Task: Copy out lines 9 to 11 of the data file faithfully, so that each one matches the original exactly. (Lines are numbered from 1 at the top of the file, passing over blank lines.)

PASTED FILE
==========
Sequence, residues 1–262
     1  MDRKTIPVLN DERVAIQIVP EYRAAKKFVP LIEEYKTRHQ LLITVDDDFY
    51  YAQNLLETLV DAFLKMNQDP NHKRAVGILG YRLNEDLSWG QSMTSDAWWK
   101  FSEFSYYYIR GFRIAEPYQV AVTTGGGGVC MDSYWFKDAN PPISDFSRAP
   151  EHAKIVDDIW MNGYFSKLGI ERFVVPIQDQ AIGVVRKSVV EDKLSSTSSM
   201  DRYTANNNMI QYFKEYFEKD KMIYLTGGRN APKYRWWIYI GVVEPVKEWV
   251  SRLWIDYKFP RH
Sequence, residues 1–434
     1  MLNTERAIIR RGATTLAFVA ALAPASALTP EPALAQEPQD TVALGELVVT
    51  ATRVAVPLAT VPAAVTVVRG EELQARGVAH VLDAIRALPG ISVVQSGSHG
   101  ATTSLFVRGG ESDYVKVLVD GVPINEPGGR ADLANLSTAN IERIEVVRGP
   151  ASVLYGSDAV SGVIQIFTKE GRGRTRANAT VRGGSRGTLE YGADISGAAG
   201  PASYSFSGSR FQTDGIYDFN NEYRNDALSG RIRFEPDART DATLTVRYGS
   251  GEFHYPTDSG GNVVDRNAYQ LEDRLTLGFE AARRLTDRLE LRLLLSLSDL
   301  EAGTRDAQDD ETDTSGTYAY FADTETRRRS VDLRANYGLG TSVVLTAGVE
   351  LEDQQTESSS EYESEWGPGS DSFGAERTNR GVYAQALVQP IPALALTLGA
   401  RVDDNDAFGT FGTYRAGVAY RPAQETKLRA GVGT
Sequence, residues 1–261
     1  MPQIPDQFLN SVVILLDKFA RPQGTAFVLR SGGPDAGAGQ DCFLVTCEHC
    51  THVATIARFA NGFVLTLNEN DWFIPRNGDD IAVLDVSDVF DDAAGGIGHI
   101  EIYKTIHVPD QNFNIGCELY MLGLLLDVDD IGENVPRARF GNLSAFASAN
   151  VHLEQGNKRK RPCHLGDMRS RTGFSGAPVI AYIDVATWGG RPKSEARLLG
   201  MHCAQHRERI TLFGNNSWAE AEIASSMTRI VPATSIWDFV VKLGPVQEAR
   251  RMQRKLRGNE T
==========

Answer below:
     1  MLNTERAIIR RGATTLAFVA ALAPASALTP EPALAQEPQD TVALGELVVT
    51  ATRVAVPLAT VPAAVTVVRG EELQARGVAH VLDAIRALPG ISVVQSGSHG
   101  ATTSLFVRGG ESDYVKVLVD GVPINEPGGR ADLANLSTAN IERIEVVRGP